Here's Why Ballston is an Urban Village
Balancing Suburbia With Urban Conveniences
Located on the western end of Arlington's Rosslyn-Ballston corridor, Ballston bridges two distinct areas of northern Virginia, effectively blending city and suburban life. Near the Metro Station, Ballston's core is dotted with skyscrapers, condo complexes, and office buildings that hum with activity during the day. A nice mix of shopping and entertainment options clustered around the Metro ensure the area stays "alive after five." The Metro's easy access to Georgetown and Downtown DC via the Orange Line train and Metro bus is one of Ballston's great selling points for everyone from recent college grads to young families to urban professionals. If you stroll three or four blocks off Fairfax Drive, the neighborhood loses its city feel, becoming quieter with parks, schools, and single-family homes set back from tree-lined roads. These more suburban blocks are ideal for residents driving out to jobs in Tysons or Fairfax.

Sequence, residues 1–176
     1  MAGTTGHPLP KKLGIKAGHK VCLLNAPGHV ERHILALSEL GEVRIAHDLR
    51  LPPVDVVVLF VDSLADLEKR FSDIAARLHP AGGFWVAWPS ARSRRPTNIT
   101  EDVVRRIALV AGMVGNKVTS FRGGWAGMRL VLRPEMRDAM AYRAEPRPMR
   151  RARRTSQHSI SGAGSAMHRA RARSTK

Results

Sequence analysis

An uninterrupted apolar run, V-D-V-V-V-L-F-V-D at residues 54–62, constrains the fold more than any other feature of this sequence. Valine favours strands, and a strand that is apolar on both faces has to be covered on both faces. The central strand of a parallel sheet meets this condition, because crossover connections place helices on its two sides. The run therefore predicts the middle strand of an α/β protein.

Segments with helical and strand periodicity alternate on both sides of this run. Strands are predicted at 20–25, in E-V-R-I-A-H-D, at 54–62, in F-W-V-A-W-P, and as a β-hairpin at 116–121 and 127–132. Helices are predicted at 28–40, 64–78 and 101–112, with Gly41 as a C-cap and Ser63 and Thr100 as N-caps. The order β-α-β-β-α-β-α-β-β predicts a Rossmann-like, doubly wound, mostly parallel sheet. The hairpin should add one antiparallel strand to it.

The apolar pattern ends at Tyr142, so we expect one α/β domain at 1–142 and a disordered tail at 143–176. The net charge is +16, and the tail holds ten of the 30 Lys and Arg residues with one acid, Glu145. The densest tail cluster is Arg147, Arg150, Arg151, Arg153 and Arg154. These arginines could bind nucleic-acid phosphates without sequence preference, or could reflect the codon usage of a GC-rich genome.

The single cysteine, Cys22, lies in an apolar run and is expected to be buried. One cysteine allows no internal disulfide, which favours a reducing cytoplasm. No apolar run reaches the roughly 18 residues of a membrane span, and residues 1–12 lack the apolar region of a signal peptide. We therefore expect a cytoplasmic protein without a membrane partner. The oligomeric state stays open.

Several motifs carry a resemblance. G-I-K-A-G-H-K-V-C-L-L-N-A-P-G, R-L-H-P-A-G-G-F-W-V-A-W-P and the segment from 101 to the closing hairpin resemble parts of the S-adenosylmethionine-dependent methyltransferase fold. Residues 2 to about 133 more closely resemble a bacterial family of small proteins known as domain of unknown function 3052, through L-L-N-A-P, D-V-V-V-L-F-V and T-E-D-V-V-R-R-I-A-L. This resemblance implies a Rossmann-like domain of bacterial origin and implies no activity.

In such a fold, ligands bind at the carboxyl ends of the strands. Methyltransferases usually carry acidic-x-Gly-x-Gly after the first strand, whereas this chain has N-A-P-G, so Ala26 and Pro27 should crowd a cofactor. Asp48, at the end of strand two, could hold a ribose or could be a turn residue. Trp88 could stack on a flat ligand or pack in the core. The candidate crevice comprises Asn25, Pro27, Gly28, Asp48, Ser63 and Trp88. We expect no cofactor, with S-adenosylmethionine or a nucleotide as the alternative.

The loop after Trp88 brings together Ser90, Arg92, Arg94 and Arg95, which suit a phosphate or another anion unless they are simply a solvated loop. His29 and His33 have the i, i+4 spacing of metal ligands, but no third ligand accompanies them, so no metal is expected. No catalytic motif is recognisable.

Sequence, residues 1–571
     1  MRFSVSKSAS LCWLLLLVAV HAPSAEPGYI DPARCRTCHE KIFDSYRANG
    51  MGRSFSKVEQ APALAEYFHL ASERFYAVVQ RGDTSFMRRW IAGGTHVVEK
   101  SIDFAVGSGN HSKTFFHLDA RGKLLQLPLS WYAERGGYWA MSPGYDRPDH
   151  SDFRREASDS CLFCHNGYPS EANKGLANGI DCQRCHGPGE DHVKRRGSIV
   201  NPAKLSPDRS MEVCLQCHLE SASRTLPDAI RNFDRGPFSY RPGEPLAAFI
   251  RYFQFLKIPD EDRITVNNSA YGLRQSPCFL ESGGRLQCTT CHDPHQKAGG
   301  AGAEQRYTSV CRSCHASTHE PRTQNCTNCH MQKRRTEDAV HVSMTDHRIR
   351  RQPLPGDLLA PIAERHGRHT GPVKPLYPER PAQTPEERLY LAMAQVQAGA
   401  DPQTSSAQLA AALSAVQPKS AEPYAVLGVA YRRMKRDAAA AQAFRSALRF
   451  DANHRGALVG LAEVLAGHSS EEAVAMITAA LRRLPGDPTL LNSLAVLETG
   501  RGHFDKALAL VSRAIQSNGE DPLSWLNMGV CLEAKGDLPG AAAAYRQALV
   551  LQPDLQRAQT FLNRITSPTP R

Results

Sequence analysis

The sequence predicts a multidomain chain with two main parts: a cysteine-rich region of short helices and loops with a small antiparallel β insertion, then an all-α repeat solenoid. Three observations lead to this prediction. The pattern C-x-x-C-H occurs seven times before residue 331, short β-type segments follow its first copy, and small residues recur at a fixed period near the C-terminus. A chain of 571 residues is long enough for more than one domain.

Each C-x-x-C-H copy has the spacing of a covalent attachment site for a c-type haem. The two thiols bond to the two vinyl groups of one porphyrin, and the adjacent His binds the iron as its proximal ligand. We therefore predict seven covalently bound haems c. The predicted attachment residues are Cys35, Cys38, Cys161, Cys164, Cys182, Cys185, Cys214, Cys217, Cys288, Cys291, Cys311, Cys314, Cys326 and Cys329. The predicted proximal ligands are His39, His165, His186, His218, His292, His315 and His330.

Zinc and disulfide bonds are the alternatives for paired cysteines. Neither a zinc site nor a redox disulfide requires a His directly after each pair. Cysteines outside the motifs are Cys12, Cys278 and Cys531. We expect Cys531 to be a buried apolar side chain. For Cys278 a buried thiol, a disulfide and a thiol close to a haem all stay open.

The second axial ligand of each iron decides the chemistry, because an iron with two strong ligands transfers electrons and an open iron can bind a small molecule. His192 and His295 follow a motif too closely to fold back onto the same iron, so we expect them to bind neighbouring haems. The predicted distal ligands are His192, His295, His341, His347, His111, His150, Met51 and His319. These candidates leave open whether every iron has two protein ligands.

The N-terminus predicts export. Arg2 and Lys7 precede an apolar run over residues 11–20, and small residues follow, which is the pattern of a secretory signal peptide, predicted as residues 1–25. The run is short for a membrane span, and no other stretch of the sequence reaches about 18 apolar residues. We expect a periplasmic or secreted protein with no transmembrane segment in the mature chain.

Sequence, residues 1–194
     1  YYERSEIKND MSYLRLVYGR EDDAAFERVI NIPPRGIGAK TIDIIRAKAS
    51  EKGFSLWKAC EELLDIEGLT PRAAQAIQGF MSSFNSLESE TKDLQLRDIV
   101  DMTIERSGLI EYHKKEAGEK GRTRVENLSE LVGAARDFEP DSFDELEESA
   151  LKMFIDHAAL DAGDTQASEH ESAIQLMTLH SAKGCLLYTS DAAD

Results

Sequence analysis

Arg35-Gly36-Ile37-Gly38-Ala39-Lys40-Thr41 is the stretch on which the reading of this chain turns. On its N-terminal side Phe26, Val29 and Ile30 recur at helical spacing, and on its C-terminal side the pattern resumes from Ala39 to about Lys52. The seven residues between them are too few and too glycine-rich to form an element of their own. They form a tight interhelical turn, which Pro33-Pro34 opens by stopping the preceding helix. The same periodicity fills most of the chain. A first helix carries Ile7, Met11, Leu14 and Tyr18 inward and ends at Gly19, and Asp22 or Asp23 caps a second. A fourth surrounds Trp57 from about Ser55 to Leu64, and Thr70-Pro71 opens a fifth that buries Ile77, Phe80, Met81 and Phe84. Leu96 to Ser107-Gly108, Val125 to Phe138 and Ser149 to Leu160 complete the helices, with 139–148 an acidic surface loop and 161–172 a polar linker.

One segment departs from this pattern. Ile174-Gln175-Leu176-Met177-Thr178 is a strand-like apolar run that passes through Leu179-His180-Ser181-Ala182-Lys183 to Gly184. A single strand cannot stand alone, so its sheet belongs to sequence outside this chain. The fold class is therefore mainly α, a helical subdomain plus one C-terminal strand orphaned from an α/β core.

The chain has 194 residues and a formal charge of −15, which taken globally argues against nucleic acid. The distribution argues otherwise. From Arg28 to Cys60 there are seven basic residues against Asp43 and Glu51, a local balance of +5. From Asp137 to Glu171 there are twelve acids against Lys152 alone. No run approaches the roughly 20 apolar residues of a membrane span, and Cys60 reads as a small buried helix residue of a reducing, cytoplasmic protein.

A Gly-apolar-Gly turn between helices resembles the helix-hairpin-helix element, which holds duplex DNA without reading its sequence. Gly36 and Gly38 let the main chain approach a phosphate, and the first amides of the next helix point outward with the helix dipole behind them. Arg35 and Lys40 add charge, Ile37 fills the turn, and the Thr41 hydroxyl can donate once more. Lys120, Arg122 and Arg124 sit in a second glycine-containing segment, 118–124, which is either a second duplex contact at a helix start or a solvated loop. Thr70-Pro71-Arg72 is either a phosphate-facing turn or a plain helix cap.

Ballston Blossoms With the Coming of the Metro
Many a commuter has wondered at the origins of Ballston's name as the conductor on the Metro intones "BALL-ston" as the train approaches the station. Ballston first came to prominence as a streetcar suburb in the late 1890s, drawing its name from the Ball family whose family cemetery remains in the neighborhood to this day. Ballston was known at one time as "Parkington" after the Parkington Shopping Center that opened in the 1950s. The area fell out of favor in the 60s and 70s but roared back once the Metro opened in 1979. Redevelopment has continued, slowly replacing the original buildings from the 50s and 60s with taller, more compact, contemporary buildings. A collection of trendy restaurants have opened around the Metro, catering to the lunchtime and happy hour crowds, including Tutto Bene for Italian, and Caribbean Breeze which combines great food with salsa dancing. The Taste of Arlington, typically held in May, is an annual street fair that enables residents and visitors to sample a wide range of Ballston's restauranteurs in a lively setting. Ballston is also home to the Kettler Capitals Iceplex, the training facility for the Caps, and is open to the public for hockey, free skate and other activities during the week.
Small enough to feel like "home" but large enough to offer urban conveniences, Ballston is a vibrant area providing great balance between Northern Virginia locations and easy access to DC.